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New on Blu-ray: A Cure For Wellness

When is the last time you saw a big budget film that took a risk? I’m not talking about a small art house indie; I’m talking about a film released by a major a studio. How often do you sit down to watch a big studio picture that isn’t adapted from a comic book, or a video game, or a board game, or a meme, or a toy, or…you get the picture. Not very often. Studios don’t like to take a lot of risks these days, because risks are costly, and films are costly enough on their own. You’re much more likely to get a return on your investment if the film is a recognizable property, or “brand’ (shudders).

Which is why Gore Verbinski’s absolutely bonkers A Cure For Wellness is such a cinematic miracle. The film was an American-German production distributed through 20th Century Fox, and just how Verbinski convinced Fox to release this movie is anyone’s guess. Perhaps those Pirates of the Caribbean movies he directed really carry that much weight. No matter. Whatever dark alchemy Verbinski worked to get this film released, we should celebrate him for it. Here is something almost unheard of: a 146-minute horror show with bold ideas backed up by big money. This is a singularly strange, wholly original movie that shocks and awes. It doesn’t all work, and that whopping runtime might try the patience of many, but it cannot be denied that this is bold filmmaking, and we could all do with a bit more boldness.

Told in stunning visuals courtesy of cinematographer Bojan Bazelli, A Cure For Wellness holds a funhouse mirror up to the world and asks us if we like what we see. This film is in turns gorgeous and repulsive; it entices as much as it disgusts. Dane DeHaan is Lockhart, a young executive who has clawed his way to the top of his company. When we first glimpse Lockhart, he’s popping nicotine gum while balancing a heavy workload; his eyes have bags under them, his skin is pallid. He looks like a corpse that hasn’t realized it’s dead yet. Lockhart’s superiors, a ghastly bunch indeed, pressure him into going after the company’s CEO, who has absconded to a mysterious health spa somewhere in the Swiss Alps. Lockhart ventures forth to the spa, which turns out to be a sprawling gothic castle perched on a mountaintop. There, he finds the staff of nurses, doctors and orderlies, as well as the patients, to be rather peculiar. He’s denied an audience with the missing CEO, and decides to head back down the mountain. But a deer darting out into the road causes Lockhart’s car to suffer a shocking crash, and Lockhart wakes up back in the spa, his leg encased in a cast.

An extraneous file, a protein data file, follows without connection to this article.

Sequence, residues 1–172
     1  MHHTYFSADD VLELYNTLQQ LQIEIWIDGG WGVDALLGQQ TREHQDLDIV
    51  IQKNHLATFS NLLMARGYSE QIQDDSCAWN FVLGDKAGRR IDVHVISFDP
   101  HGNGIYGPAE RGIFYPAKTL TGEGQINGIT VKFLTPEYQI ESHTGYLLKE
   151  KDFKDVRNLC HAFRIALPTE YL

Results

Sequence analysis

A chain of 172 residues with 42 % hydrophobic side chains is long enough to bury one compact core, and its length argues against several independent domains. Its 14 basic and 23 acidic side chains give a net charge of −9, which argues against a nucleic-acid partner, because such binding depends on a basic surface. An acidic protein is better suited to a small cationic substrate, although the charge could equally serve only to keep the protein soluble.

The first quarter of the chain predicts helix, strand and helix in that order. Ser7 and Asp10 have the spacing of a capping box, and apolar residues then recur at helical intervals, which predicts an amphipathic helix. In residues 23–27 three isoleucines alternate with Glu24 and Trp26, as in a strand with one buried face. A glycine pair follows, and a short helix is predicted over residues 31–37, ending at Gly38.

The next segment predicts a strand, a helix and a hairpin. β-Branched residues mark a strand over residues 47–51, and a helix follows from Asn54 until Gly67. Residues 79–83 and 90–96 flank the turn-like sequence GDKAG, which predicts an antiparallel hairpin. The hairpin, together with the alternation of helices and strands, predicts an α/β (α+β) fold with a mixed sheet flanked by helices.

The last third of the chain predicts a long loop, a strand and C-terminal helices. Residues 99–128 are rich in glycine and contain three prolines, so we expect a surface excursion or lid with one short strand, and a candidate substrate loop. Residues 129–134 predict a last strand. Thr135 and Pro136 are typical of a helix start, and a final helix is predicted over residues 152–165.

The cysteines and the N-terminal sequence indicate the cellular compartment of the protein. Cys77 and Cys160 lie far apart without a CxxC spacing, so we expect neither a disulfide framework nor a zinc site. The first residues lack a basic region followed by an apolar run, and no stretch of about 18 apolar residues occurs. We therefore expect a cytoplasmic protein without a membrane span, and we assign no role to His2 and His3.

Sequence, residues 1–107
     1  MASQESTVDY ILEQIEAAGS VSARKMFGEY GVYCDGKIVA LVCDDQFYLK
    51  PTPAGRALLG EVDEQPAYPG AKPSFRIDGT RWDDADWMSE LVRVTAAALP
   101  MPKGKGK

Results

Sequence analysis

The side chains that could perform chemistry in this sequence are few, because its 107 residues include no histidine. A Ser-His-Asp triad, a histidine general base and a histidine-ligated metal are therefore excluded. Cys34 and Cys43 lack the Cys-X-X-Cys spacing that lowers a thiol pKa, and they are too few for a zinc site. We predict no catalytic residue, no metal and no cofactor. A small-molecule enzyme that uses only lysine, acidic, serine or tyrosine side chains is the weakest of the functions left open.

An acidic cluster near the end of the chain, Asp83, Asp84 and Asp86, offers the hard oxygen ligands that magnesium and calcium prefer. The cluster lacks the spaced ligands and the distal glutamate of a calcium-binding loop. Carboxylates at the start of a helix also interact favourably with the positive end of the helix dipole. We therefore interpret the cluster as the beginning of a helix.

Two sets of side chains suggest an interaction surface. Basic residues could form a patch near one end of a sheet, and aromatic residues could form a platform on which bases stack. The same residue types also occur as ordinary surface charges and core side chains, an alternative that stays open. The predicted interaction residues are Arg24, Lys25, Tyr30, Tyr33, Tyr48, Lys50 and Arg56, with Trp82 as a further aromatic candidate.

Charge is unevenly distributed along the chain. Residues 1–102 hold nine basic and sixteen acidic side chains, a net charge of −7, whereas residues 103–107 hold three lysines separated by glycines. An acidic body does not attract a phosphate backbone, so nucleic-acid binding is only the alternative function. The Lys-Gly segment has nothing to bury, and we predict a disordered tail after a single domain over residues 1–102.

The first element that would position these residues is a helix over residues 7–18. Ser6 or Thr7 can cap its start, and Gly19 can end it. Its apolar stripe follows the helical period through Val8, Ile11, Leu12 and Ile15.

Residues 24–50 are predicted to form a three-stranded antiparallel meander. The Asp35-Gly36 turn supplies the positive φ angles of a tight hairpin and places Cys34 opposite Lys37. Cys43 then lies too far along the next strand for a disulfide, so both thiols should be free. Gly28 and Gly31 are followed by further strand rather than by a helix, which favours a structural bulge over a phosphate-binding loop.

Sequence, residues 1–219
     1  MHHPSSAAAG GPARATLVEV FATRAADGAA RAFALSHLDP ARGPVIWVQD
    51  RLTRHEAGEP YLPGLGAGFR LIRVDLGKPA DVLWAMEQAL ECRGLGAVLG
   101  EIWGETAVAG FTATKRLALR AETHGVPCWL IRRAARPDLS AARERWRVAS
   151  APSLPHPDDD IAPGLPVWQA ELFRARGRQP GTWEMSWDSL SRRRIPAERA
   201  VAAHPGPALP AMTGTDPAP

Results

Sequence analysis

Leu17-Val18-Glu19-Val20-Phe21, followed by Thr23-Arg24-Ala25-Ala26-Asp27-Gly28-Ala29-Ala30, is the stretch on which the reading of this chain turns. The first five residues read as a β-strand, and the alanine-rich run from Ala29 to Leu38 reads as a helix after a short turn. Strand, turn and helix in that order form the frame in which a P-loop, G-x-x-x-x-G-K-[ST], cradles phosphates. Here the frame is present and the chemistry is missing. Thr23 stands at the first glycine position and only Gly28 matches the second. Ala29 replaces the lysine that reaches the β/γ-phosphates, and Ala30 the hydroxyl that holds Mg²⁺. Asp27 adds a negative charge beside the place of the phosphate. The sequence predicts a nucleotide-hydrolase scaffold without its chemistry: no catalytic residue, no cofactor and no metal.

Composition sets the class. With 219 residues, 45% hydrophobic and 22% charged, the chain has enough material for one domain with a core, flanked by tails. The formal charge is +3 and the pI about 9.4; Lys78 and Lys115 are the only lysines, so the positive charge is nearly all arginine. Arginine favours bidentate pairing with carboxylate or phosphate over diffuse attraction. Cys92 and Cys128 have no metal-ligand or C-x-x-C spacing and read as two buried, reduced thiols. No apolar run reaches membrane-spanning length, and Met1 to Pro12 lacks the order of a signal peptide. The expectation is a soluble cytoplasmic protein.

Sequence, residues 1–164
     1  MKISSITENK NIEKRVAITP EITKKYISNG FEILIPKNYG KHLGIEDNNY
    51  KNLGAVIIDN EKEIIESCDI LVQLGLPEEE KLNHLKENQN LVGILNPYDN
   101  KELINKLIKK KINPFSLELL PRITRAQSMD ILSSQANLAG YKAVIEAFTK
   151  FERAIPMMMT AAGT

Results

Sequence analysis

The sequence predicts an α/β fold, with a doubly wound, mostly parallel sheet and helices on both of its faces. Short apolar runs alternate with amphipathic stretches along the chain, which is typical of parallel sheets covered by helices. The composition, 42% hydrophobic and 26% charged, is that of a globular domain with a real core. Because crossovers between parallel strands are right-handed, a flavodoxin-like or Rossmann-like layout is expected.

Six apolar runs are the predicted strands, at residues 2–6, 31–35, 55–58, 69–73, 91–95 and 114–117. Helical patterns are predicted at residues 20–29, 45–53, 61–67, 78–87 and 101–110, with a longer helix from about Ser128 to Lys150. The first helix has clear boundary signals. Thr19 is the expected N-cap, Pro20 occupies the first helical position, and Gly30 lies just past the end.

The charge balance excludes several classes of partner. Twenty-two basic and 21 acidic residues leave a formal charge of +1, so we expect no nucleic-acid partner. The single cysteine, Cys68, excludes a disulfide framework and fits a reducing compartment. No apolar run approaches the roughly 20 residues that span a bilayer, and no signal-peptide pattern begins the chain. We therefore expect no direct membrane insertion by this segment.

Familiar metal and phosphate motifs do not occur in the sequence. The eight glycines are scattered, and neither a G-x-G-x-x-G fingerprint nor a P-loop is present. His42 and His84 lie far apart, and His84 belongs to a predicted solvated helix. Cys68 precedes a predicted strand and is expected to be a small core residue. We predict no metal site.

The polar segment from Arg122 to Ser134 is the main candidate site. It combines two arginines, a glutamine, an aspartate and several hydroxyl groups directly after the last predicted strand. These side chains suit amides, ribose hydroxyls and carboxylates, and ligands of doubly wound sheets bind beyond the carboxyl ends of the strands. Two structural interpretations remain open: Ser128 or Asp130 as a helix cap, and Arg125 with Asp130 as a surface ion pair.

From here, A Cure For Wellness goes off in every which direction possible. It is a film as labyrinthine as the eerie castle it’s set in, and you may find yourself needing a chart to keep track of everything that’s going on. Lockhart interacts with the mysterious chief-of-staff Dr. Heinreich Volmer (Jason Isaac), as well as the ghostly Hannah (Mia Goth), a “very special” patient who seems to hover on the fringes of things. Through it all, DeHaan is put through the ringer, up against all forms of goo, eels and other unpleasantness. Make no mistake: this is an icky film. But it’s also a film that astonishes, mostly for its raw audacity. You sit and watch A Cure For Wellness with a question on your lips, and the question is this: “How does this movie exist?”

A Cure For Wellness underperformed at the box office, and critics weren’t very kind to it. But damn it, this is the type of movie we should be embracing, warts and all. I would rather watch ten more movies like A Cure For Wellness than another piece of rot like the recent big, dumb reboot of The Mummy. So here’s to you, A Cure For Wellness. Here’s to your beauty and your horror; here’s to your big ideas, many of which are quite silly, none of which are uninteresting. Here’s to you, Dane DeHaan, for sitting with your head in a dental torture device. Here’s to you, Mia Goth, for climbing into a bathtub full of eels. And here’s to you, Gore Verbinski, for being crazy enough to make a film like this.


Blu-ray Special Features

Deleted Sequence: ‘It’s Wonderful Here’

Featurettes:

Water is the Cure

Air is the Cure

Earth is the Cure

The Score

Trailers

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Chris Evangelista is the Executive Editor of Cut Print Film & co-host of the Cut Print Film Podcast. He also contributes to /Film, The Film Stage, Birth.Movies.Death, The Playlist, Paste Magazine, Little White Lies and O-Scope Musings. 'The House on Creep Street' and 'Beware the Monstrous Manther!', two horror books for young readers Chris co-authored with J. Tonzelli, are available wherever books are sold. You can follow him on Twitter @cevangelista413 and view his portfolio at chrisevangelista.net

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